Parklets: a great idea for Seattle to steal

San Francisco has created a quick way to convert a parking space or two into pleasant micro parks that the community picks and maintains. What are we waiting for?

Crosscut archive image.

Relaxing in a San Francisco parklet.

San Francisco has created a quick way to convert a parking space or two into pleasant micro parks that the community picks and maintains. What are we waiting for?

Walking 12 miles around a city in a day will give you a blister on your foot and many insights. A recent long walk around San Francisco (made with a notably poor shoe choice) offered another look at an innovation so well conceived and executed that Seattle should just steal the idea: the Public Parklet.

Originally launched in 2010, San Francisco's Public Parklet program is part of the Pavement to Parks effort started under Mayor Gavin Newsom. The goal is to create interesting neighborhood spaces in thoughtful, non-traditional ways.

The idea of the Public Parklet is to convert a parking space or two into a pleasant micro park with seating, landscaping, and community support. Before selecting a site, the city asks community groups to submit proposals that include a commitment to help pay for, care for, and maintain the parklet hardware, furniture, and landscaping. That neatly teflons each installation against any war-on-cars or war-on-business hyperventilations.

"Parklets are intended to provide space for people to sit and relax and enjoy the city around them... Parkets are public space and must be publicly accessible," say the guidelines, which are admirably brief and clear.

From what I could see, the parklets are visually attractive, delightful to experience, and well liked.  A sign indicates that they're public parks and available to all, and in practice they are nearly always occupied with a variety of users. With the support of local groups that helped pay for and maintain them, the parklets have also held up well. And should a problem arise, they are movable. A parklet can be trucked away in a day and reassembled someplace else.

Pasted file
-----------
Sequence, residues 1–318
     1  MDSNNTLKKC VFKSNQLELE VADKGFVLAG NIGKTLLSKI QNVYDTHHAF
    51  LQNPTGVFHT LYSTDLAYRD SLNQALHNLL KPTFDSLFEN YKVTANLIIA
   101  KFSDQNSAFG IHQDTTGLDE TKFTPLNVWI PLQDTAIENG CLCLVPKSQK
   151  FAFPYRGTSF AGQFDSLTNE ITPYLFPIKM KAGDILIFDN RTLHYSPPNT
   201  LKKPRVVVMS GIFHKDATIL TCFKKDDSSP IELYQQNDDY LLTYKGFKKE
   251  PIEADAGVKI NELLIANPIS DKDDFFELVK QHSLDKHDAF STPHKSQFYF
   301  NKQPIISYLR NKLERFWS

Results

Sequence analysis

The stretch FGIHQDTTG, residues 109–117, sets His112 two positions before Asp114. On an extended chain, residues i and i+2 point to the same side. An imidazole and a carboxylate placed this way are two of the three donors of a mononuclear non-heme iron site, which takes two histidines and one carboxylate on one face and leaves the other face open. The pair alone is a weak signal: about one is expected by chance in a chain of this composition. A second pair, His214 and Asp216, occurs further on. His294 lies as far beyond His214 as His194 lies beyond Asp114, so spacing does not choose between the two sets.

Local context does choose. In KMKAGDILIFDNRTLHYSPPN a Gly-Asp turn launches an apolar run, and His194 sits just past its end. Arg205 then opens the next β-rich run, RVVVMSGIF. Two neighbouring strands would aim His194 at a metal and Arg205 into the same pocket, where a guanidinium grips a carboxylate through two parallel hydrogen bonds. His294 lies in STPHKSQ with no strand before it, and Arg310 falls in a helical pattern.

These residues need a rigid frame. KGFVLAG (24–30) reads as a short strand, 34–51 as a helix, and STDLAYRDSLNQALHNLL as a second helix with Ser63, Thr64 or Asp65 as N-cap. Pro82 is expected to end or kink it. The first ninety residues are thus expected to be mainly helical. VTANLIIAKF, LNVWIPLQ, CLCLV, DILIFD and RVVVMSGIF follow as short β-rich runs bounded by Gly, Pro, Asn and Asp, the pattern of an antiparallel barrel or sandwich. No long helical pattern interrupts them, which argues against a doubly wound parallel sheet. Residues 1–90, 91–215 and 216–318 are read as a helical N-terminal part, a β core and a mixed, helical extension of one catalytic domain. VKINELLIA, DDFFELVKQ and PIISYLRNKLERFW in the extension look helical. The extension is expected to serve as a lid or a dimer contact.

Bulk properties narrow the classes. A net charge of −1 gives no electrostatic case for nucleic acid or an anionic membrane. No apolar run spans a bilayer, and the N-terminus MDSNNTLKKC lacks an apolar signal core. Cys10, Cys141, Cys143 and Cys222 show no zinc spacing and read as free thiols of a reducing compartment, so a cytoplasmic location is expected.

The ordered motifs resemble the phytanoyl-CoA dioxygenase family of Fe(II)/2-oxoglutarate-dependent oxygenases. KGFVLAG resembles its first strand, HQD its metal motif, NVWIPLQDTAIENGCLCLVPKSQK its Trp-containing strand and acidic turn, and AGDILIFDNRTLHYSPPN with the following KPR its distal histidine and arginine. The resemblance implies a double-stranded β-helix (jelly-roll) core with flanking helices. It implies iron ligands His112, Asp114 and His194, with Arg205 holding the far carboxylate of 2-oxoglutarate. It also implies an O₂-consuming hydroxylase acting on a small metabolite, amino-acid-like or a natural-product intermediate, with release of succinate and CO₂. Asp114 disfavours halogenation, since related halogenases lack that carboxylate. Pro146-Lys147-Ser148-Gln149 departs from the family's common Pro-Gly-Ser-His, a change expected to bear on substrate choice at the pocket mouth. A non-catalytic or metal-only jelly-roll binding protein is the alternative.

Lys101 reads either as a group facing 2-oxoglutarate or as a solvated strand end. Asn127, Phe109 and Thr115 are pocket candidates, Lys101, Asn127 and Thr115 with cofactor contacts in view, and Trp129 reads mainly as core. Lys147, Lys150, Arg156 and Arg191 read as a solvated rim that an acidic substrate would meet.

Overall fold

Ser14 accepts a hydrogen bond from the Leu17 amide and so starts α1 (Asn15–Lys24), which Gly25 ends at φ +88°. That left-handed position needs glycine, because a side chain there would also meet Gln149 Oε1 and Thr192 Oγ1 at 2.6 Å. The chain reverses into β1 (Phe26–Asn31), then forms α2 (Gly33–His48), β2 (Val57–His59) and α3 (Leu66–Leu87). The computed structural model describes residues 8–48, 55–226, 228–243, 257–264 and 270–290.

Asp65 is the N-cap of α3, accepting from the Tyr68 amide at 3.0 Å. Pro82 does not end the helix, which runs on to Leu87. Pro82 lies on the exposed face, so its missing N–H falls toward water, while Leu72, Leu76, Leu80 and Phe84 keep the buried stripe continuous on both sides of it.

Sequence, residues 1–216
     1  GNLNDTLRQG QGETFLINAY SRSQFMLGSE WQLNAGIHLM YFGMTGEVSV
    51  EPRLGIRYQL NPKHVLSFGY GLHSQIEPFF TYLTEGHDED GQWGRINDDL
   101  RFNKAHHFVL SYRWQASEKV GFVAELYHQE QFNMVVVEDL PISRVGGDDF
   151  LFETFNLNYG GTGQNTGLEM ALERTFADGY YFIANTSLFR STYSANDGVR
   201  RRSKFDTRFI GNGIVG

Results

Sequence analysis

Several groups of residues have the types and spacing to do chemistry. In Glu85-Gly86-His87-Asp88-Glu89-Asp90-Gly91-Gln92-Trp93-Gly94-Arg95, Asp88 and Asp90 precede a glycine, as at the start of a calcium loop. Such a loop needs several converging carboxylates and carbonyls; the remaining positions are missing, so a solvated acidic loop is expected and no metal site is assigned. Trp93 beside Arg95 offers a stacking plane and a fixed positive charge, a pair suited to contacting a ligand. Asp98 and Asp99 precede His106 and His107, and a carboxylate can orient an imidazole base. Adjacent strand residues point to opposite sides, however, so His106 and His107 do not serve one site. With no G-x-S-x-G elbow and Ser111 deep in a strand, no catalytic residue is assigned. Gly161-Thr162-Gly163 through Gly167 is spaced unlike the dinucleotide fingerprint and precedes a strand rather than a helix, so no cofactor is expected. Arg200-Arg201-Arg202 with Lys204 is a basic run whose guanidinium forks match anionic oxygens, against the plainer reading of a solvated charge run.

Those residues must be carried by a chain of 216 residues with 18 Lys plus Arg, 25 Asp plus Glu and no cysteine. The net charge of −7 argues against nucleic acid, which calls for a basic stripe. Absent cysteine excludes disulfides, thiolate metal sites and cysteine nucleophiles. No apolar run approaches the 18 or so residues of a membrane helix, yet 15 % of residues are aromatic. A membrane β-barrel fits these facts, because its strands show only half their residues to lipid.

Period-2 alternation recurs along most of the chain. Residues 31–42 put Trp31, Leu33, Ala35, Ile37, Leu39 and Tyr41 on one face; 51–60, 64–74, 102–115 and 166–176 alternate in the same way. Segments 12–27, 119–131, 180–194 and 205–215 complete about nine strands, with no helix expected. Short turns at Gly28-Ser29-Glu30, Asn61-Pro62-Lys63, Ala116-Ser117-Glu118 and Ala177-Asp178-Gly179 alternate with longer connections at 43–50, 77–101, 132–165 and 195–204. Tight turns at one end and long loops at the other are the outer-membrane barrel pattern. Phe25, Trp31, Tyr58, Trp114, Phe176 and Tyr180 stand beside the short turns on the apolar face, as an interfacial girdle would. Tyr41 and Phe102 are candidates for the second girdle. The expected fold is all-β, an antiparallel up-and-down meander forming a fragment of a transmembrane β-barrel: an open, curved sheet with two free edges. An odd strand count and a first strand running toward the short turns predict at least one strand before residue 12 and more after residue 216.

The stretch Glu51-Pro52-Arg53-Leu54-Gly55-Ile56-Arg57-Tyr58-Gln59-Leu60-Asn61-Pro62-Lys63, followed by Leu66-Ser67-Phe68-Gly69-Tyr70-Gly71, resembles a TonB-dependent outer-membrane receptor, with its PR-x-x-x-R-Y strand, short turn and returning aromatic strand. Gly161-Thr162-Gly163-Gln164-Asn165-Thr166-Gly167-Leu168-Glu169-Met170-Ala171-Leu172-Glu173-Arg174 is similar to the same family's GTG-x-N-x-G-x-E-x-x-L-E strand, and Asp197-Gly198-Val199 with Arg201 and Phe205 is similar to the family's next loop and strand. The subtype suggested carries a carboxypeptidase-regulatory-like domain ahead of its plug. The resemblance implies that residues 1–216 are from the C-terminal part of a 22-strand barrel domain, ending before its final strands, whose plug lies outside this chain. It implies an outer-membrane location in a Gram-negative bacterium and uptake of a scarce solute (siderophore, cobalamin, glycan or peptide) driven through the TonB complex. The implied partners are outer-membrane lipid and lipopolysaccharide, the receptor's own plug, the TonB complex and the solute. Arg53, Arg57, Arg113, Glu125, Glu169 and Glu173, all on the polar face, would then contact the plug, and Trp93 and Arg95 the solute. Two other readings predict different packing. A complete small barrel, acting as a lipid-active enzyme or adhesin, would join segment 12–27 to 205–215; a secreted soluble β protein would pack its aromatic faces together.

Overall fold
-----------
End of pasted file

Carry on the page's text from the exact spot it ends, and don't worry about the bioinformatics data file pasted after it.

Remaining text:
One striking aspect is their appealing yet simple design. RG Architecture, the firm that designed them (gratis) used a minimalist, modern approach and some more-complicated-than-it-looks engineering to achieve an appealing aesthetic with rugged functionality.

San Francisco's experiment has been successful enough to spur additional RFP's for more Fog City parklets and New York City has taken the cue and implemented the idea in a slightly different way as "pop-up parks" for adjacent restaurants to provide additional seating. New York's take is decidedly more commercial while San Francisco's model has a more egalitarian sense about it. Either concept is worth spreading.

The drop-down parklet is low cost and flexible. It doesn't depend on city budgets to keep in place. They happen quickly by avoiding the pitfalls of top-down street and park decisionmaking. It wouldn't be that hard for Seattle to steal the idea, adopting San Francisco's operating model, user-friendly RFP process, and the same designs as in the Bay Area or Manhattan. We could have a half dozen of these in place by spring. The result would help neighborhoods and businesses and create new pockets of urban vitality.

But let's not grind this idea through byzantine Seattle process. Just take it whole and run with it, maybe with a little help from those people elsewhere who have developed and refined it. A simple project like this can also, in some small way, be a model for moving quicker, bolder and faster — a minor warmup for crafting a more effective culture of civic innovation. Parklets are an easy way to make some great community spaces without a lot of drama.


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About the Authors & Contributors

Matt A. Fikse

Matt A. Fikse

Matt Fikse-Verkerk (Twitter: @mattfikse) covered urban affairs, politics, tech, and business at Crosscut from 2009 to 2014. He lives in Seattle and works for a biotechnology firm in Redmond, WA.